The emails could increase scrutiny around whether Facebook is a monopoly — one of Facebook’s biggest current political risks. Damien Geradin, a Brussels-based lawyer at Euclid Law, said the refusal of access to Vine data could be seen as a “potential refusal to deal” with rivals, “but you would need to show that Facebook” is essential to users and it is “not clear it is.”
Still, members of Parliament will not hesitate to wield a “big stick” to enforce competition rules and taxation, said Claude Moraes, a U.K. lawmaker and member of the European Parliament.
“In the European Parliament, we have repeatedly raised concerns about the manipulation of online data and have made clear that competition law is crucial, to make sure that the dominant players are accountable and that democracy is protected from excessive market power,” Moraes said.
According to one of the documents, Zuckerberg personally reviewed a list of apps made by strategic competitors that were not allowed to use Facebook’s advertising services or services for applications “without Mark level sign-off.′ In its blog post, Facebook said it had restricted apps built on top of its platform that replicated the company’s own core functionality, but that it will now remove this “out-of-date” policy.
Collins said last week that he would release the emails and that he was free under U.K. law to do so.
Six4Three’s founder, Ted Kramer, had obtained them as part of a legal discovery process in a U.S. lawsuit against Facebook that his company has brought against the social network in California.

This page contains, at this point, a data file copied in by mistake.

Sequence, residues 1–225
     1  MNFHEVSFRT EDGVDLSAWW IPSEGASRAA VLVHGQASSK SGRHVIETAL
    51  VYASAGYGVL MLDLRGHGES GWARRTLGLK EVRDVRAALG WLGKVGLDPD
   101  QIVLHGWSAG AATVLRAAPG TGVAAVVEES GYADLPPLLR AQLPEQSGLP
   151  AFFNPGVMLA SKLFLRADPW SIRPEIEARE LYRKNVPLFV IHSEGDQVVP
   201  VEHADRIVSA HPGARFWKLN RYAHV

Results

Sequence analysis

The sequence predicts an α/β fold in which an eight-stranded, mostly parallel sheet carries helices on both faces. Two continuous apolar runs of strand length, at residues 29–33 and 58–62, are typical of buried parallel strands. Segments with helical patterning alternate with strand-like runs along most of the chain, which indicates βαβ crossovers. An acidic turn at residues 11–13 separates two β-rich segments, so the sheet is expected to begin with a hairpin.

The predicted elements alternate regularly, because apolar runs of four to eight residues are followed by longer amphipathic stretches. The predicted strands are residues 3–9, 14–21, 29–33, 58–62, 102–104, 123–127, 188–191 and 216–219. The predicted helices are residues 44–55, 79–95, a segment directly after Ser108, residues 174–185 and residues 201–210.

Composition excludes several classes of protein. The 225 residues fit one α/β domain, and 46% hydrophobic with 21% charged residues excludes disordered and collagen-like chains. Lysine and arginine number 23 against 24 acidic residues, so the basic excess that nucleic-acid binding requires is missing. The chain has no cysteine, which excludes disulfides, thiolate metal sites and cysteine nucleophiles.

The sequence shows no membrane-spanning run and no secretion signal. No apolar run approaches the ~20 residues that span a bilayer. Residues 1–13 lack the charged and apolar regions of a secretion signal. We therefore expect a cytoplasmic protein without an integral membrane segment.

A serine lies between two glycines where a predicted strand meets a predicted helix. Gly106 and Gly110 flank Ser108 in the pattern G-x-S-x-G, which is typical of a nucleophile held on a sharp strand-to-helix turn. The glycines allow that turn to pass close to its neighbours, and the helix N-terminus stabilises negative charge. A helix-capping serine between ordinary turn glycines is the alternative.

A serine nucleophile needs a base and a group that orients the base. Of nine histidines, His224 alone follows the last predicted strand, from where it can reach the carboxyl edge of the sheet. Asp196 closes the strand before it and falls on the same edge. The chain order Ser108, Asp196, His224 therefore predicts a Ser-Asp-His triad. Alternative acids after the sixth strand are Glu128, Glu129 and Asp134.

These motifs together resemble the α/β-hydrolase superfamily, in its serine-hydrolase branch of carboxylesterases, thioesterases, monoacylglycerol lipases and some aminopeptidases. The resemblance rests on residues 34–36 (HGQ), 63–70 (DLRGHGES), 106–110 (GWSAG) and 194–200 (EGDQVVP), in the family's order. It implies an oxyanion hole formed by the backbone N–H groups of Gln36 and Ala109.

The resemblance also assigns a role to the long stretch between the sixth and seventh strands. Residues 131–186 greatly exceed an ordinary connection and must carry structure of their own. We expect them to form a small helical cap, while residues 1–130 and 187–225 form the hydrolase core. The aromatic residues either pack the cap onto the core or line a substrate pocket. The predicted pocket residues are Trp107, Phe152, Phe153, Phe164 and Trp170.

Facebook touted itself as championing privacy four years ago when it decided to restrict outside developers’ access to data about its users’ friends.
Zuckerberg in 2012 underestimated how much giving developers access to data could be a risk. “I think we leak info to developers, but I just can’t think if any instances where that data has leaked from developer to developer and caused a real issue for us,” he wrote in one of the emails. This year, he had to testify in front of U.S. Congress on one such instance of a developer sharing user data with Cambridge Analytica, the political consultancy.
In one email, dated Feb. 4, 2015, a Facebook engineer displayed some concern about how Facebook’s moves would be perceived by the public. He said a feature of the Android Facebook app that would “continually upload” a user’s call and SMS history would be a “high-risk thing to do from a PR perspective.” A subsequent email suggests users wouldn’t need to be prompted to give permission for this feature to be activated.
That move, combined with one that would track what stores users were entering would lead to a situation where “enterprising journalists dig into what exactly the new update is requesting, then write stories about Facebook uses new Android update to pry into your private life in ever more terrifying ways – reading your call log, tracking you in businesses with beacons, etc.”′
Kramer was ordered by a judge on Friday to surrender his laptop to a forensic expert after admitting he turned over the documents to the British lawmakers, in violation of a U.S. court order.
“What has happened here is unconscionable,” California Superior Court Judge V. Raymond Swope said to Kramer and his attorneys during the hearing.
Facebook wants the laptop to be evaluated to determine what happened in the U.K., to what extent the court order was breached, and how much of its confidential information has been divulged to the committee.